SEC’s new rule on Pay to Play becomes effective September 30. (60 days after its publication in the Federal Register.)
Wiley Rein’s Election Law News July 2010 (including detailed looks at the DISCLOSE Act, SEC’s Pay-to-Play restrictions, Honest Services Fraud Statute, and more).
But the real question is: will DISCLOSE pass the Senate? Proponents of the measure suffered a setback when moderate Republican Scott Brown (Mass.) announced his opposition to the House bill, and the Maine ladies (moderate Republican Sens. Susan Collins & Olympia Snowe) are still waffling.
U.S. PIRG opposed the House measure (due to the NRA exemption),but has now (grudgingly) backed final passage in the Senate. Lisa Gilbert says that “we have concluded that the greater danger is posed by an election in which voters are effectively forced to wear blindfolds as the special interests behind campaign spending are hidden from us.”
Roll Call reports on a slightly strange rash of filings by Josue Larose, apparently a one-man lobbying firm with 87 new clients. Former ALL president Paul Miller, Miller/Wenhold Capitol Strategies, “said the situation sounds unbelievable … ‘If you sign up 87 new clients — I don’t care if you are Patton Boggs or just one lobbyist — you are going to need a huge team.'” (Roll Call subscription required)
As listed in Lobbyists.info, Larose has one client as a sole proprietor, and as the lobbyist for American Federal Lobbying Firm, has several PACs clients. His organization’s website makes the claim that: “The American Federal Lobbying Firm is the most powerful lobbying firm of the world and has more clients than any other lobbying firm in the United States of America.”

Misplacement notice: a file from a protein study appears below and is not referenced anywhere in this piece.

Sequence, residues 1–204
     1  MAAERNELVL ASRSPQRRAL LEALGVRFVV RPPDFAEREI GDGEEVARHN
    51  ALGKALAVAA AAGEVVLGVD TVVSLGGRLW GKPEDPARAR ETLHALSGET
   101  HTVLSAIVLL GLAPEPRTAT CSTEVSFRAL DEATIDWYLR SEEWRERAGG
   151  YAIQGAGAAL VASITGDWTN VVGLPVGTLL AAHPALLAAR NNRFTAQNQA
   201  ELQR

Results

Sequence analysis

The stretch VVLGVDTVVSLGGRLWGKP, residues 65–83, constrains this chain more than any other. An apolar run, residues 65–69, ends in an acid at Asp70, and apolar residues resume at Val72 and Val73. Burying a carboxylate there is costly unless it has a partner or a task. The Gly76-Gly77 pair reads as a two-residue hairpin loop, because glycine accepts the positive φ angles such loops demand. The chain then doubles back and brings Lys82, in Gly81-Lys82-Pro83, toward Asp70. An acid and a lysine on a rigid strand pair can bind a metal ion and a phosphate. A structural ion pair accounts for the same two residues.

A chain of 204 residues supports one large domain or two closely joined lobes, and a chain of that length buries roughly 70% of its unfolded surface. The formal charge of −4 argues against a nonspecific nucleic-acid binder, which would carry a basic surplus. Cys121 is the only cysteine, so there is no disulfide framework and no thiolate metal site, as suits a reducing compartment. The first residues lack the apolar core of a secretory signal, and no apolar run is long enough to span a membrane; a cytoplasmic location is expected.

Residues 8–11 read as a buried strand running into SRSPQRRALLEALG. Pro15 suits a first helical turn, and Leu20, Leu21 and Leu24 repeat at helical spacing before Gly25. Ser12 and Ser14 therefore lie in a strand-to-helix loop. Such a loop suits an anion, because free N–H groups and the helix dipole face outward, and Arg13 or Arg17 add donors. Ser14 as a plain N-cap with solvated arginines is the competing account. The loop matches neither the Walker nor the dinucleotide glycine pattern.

Office of Congressional Ethics is getting investigatory again (which is their job), but this time, Capitol Hill denizens say, it’s a little different – they’re looking at donation/official actions correlations. The New York Times quotes Kenneth Gross (who is “fielding some of the document requests from ethics investigators”), “This is really a redefinition of the law … To pick eight members and say they voted on legislation and political contributions came in around this time is really going places that no regulatory authority has ever gone.”
Quote of the Week:
“Do I think these [de-registered lobbyists] went back to Arkansas and became farmers? No, they just weren’t doing it 20 percent anymore … I think the 20 percent rule needs to be clearly defined and also what the role of a lobbyist is.” – Dave Wenhold, president, American League of Lobbyists, Washington Post, 7/12/2010